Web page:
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Fire Service Structure
The need for a fire-fighting service has existed since early history but it was only through the Fire Brigades Act of 1938 that a centrally co-ordinated service was put in place in Great Britain. That Act made it mandatory for local authorities to make arrangements for an effective fire service and at that time there were 185 fire brigades in Scotland. In 1941, as a consequence of the war, a National Fire Service was created that remained in place until the introduction of the Fire Services Act 1947, which returned the service to the control of local authorities. The number of brigades has since been more or less modified in line with successive local government reorganisations. However, following the introduction of single tier local authorities in 1996, the then existing structure of brigades was retained by creating additional joint boards. Currently, Scotland has the following eight brigades:
Central Scotland Fire Brigade
Fife Fire and Rescue Service
Grampian Fire Brigade
Highland and Islands Fire Brigade
Lothian and Borders Fire Brigade
Strathclyde Fire Brigade
Only two of which remain under unitary control, the other six coming under joint boards of between three to 12 constituent councils depending on the size of the area covered.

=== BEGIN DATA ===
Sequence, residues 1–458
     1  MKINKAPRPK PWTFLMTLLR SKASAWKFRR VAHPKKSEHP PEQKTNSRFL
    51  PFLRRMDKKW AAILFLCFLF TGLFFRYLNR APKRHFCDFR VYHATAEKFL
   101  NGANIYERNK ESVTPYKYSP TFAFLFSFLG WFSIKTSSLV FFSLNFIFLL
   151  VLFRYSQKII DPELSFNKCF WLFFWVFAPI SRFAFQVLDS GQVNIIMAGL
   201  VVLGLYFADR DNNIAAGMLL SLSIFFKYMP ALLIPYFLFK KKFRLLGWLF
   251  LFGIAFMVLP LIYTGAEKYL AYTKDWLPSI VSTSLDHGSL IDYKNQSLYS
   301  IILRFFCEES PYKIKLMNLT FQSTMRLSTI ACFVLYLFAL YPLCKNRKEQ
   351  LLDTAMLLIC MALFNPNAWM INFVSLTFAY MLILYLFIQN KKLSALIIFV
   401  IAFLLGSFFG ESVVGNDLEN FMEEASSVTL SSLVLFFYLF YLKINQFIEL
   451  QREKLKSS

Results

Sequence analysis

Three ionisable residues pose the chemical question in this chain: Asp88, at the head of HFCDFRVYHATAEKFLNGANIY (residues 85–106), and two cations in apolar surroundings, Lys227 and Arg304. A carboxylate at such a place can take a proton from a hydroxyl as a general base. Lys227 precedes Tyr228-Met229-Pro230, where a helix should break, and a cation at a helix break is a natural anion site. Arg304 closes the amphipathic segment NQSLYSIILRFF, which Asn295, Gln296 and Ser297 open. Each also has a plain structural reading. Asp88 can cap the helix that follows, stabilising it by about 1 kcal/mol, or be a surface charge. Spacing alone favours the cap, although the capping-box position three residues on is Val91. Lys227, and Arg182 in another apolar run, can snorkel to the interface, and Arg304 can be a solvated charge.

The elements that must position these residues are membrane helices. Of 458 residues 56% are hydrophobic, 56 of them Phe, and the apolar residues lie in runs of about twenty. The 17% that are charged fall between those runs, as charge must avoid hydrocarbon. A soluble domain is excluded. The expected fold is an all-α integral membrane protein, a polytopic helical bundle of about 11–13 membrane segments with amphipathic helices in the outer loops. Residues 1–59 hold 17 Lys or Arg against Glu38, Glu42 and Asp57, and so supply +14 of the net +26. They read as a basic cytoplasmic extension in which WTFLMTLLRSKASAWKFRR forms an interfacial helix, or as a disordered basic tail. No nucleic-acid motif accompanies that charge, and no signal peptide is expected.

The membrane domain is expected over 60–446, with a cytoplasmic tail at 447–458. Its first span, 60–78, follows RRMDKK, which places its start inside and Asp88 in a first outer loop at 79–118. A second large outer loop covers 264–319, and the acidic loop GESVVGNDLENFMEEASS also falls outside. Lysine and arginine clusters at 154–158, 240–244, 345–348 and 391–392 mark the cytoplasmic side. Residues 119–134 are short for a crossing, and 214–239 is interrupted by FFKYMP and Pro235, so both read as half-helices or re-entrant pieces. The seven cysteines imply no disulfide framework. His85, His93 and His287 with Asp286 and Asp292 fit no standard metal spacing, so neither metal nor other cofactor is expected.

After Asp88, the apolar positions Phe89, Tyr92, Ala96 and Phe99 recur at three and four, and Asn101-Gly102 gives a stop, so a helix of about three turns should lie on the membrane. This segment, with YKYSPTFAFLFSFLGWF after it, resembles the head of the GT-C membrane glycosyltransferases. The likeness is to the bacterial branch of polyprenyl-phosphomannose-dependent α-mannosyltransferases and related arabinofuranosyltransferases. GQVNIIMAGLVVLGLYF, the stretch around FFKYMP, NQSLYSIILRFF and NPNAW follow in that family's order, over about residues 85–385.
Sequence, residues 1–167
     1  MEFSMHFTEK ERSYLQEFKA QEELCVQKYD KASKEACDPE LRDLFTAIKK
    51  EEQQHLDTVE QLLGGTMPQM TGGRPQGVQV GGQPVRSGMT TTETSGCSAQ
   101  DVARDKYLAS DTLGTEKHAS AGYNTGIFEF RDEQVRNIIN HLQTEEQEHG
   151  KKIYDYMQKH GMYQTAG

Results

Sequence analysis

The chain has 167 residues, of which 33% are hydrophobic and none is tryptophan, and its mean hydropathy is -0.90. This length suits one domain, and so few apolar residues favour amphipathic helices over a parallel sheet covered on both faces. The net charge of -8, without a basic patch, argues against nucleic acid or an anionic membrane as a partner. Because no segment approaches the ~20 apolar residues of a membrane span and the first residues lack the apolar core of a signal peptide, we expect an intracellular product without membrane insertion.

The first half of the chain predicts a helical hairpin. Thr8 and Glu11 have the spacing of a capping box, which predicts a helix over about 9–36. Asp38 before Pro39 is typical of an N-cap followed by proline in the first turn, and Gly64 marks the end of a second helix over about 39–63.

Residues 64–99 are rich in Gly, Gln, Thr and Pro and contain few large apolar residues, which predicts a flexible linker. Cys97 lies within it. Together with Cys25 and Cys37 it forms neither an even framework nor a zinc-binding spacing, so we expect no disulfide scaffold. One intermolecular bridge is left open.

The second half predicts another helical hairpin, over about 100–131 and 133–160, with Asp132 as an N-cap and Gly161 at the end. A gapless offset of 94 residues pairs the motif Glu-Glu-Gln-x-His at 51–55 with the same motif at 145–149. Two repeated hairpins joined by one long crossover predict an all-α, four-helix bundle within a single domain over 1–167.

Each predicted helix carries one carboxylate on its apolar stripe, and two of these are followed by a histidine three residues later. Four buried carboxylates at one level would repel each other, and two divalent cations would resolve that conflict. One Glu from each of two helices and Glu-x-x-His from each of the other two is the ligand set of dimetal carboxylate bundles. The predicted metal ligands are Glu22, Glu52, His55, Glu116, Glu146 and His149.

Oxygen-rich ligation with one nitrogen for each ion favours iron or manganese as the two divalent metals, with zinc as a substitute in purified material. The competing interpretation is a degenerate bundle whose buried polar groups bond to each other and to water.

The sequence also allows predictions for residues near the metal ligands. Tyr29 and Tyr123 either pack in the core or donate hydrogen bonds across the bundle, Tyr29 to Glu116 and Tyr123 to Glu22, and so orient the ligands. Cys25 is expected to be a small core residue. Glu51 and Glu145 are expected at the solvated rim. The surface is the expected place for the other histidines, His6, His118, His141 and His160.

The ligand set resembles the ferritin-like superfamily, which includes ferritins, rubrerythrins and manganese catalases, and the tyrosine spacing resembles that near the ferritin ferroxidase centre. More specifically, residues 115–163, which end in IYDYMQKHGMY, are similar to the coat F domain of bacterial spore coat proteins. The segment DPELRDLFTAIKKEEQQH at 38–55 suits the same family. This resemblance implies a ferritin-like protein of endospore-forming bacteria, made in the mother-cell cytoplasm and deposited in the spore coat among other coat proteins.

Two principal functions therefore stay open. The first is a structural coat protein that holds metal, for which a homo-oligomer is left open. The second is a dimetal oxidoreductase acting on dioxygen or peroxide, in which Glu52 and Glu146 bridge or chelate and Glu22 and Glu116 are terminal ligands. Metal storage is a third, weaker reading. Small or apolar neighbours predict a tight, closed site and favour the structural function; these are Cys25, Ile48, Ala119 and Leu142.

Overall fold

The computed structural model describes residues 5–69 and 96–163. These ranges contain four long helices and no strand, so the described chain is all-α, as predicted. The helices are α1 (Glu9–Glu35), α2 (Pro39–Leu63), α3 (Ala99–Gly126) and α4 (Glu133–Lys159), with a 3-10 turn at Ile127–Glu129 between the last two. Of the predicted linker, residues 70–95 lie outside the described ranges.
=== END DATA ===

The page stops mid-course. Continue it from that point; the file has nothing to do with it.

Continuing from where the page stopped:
Each brigade covers a unique mixture of urban and rural communities, with population densities ranging from over 3,000 per square kilometre in the cities to 2 per square kilometre in the remote highlands.
For example, Fife Fire and Rescue Service covers a population of about 352,000 in a compact 1.7% of Scotland's total land area, whereas Highland and Islands Fire Brigade covers a smaller population, about 279,000 spread across nearly 40% of the total land area.
Fife can therefore be covered from 14 fire stations (6 whole-time and 8 retained) while in the Highland and Islands combined area there are: one whole-time station (Inverness), 31 retained stations and 95 volunteer units.